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Summer 2010 - Climate Change Law & Policy

Benjamin, Antonio H
Gholz, Charles E

Course ID: F179M  Unique # 80828  Credit Hours: 1
Meeting DaysTimesLocation
   Monday 3:30 pm - 6:20 pm TNH 2.124
   Tuesday 3:30 pm - 6:20 pm TNH 2.124
   Wednesday 3:30 pm - 6:20 pm TNH 2.124
   Thursday 3:30 pm - 6:20 pm TNH 2.124
   Friday 3:30 pm - 6:20 pm TNH 2.124
Exam Type   Date   Time      Name Range   Room  
  Final Friday, July 9    8:30 am          A-Z
Registration Information
This course is restricted to upper division students only.


What the course is about.  This one-credit lecture course intends to be an introduction to the expanding area of Climate Change Law & Policy.

Objectives.  The main objective of the course is to give students basic knowledge of some of the most important issues in the world debate on climate change.  In addition, it will discuss the science behind climate change and the policy challenges that it presents.  Finally it will review the most recent legislative efforts and judicial litigation both in the U.S.  and in other countries.

The greatest benefits from the topics covered will be to students who plan to work for major law firms with international clients, multilateral organizations, multinational corporations and international NGOs.  The course will also provide those who intend to practice Climate Change Law & Policy in the United States a better understanding of the rationales for the international, national and state mechanisms adopted to face this major problem.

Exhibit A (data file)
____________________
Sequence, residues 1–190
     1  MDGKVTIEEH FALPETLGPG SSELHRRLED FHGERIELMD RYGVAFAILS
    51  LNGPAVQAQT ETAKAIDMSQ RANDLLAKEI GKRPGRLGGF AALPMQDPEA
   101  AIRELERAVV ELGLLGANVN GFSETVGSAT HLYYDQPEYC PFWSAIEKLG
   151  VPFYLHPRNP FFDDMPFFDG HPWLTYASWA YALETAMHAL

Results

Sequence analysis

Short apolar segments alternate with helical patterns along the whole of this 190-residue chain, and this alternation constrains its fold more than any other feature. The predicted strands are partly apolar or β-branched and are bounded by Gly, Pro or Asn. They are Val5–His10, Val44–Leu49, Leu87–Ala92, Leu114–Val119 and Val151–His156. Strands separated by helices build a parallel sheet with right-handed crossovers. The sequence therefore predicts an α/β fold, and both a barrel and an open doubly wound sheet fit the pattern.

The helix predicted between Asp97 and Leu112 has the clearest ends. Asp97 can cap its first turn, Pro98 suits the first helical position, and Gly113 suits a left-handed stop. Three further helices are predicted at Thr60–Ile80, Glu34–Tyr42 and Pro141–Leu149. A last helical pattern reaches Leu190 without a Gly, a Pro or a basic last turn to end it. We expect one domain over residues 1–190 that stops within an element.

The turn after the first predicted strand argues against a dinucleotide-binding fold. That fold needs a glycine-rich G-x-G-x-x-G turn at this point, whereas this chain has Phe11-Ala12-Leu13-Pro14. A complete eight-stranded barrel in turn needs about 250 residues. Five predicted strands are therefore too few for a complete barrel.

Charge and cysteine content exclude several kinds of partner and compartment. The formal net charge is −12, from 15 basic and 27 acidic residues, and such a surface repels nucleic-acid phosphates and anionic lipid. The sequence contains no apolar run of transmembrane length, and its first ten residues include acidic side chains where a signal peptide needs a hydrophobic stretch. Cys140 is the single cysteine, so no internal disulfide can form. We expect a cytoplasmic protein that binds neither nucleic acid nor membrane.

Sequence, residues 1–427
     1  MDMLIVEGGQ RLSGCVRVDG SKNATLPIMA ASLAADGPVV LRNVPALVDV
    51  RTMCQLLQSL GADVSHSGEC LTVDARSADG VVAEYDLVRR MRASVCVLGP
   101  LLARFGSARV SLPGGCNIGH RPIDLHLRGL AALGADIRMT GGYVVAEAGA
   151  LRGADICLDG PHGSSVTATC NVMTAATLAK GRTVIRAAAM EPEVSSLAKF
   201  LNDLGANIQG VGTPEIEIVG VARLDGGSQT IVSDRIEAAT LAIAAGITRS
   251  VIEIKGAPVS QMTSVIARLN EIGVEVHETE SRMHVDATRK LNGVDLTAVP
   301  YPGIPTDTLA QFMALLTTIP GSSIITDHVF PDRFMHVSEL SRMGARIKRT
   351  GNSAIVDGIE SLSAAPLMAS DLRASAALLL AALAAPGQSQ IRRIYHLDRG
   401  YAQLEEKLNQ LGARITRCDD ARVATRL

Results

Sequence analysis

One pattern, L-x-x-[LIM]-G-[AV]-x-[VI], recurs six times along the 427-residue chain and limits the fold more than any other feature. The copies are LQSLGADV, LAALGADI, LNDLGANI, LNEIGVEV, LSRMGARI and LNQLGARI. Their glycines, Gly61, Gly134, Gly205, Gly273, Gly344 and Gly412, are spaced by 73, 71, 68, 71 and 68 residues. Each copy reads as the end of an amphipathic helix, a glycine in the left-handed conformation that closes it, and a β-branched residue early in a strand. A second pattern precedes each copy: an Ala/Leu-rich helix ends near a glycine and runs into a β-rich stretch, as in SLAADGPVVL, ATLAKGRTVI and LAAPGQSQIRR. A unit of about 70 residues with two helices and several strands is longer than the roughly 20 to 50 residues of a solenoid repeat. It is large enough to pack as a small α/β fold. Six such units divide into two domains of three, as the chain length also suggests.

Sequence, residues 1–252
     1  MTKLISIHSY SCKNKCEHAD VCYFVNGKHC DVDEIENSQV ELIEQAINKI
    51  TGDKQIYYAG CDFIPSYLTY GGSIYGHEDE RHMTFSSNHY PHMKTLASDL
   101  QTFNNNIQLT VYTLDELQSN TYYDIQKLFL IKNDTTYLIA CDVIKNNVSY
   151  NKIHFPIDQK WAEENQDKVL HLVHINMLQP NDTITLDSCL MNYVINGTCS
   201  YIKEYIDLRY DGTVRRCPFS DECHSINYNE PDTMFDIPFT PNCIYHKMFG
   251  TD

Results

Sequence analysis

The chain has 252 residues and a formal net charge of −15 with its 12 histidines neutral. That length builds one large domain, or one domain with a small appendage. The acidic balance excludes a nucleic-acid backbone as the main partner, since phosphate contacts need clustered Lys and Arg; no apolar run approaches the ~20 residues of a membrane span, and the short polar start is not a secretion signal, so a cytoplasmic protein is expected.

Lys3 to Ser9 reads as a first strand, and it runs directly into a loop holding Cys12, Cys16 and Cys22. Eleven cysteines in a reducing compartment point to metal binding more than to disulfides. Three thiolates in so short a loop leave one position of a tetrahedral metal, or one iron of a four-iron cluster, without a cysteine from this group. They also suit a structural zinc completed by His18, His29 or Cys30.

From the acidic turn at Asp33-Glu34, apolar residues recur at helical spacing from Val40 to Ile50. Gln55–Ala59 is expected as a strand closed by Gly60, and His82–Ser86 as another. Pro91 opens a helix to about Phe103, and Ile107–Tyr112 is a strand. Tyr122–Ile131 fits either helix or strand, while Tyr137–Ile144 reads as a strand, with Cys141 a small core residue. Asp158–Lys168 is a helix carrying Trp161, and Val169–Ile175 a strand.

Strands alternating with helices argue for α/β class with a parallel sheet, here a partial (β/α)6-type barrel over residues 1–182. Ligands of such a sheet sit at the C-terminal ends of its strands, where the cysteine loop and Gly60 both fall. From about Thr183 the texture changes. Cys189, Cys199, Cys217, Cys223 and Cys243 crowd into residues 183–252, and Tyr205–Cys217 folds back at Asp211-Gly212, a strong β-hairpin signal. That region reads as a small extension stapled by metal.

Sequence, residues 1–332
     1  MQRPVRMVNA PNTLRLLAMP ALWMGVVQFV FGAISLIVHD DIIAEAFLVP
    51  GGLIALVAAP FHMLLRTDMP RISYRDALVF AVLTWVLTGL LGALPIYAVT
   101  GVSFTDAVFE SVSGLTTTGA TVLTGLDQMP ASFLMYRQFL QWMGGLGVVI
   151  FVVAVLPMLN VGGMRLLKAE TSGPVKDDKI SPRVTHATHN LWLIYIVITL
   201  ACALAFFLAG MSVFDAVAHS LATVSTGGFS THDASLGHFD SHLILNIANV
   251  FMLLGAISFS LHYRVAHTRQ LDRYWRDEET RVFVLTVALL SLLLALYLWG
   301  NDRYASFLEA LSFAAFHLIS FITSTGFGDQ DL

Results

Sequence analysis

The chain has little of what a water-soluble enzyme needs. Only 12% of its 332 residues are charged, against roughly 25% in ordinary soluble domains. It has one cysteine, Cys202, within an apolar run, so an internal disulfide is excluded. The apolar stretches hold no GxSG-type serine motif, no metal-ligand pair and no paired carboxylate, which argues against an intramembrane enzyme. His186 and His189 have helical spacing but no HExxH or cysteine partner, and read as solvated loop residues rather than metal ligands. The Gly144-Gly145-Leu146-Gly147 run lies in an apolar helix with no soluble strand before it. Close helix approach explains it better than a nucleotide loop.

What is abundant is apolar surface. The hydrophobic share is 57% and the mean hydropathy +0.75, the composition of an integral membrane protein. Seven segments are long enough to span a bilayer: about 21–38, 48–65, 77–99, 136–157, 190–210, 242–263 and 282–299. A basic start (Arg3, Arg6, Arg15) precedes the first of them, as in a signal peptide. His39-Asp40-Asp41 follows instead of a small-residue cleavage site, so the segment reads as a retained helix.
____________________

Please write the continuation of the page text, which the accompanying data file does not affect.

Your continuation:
Methodology.  The course will use four types of learning tools:

a) Texts

b) video conference

c) short-presentations by students

d) Guest lectures

Reading materials.  There is no single book that covers the subject matter in full detail.  The course will use reading materials from different authors, most of them Americans.  The texts written by foreign authors will be in English.  If necessary, readings listed will be supplemented or substituted from time to time.

Grading.  Grades will be determined primarily on the basis of a final in-room examination, but substantial weight will also be given to class participation (20%).

Prerequisites.  There are no prerequisites.  The students are not expected to have taken Environmental Policy, Environmental Law, International Law or Comparative Law.  However, previous knowledge in those areas would be useful.

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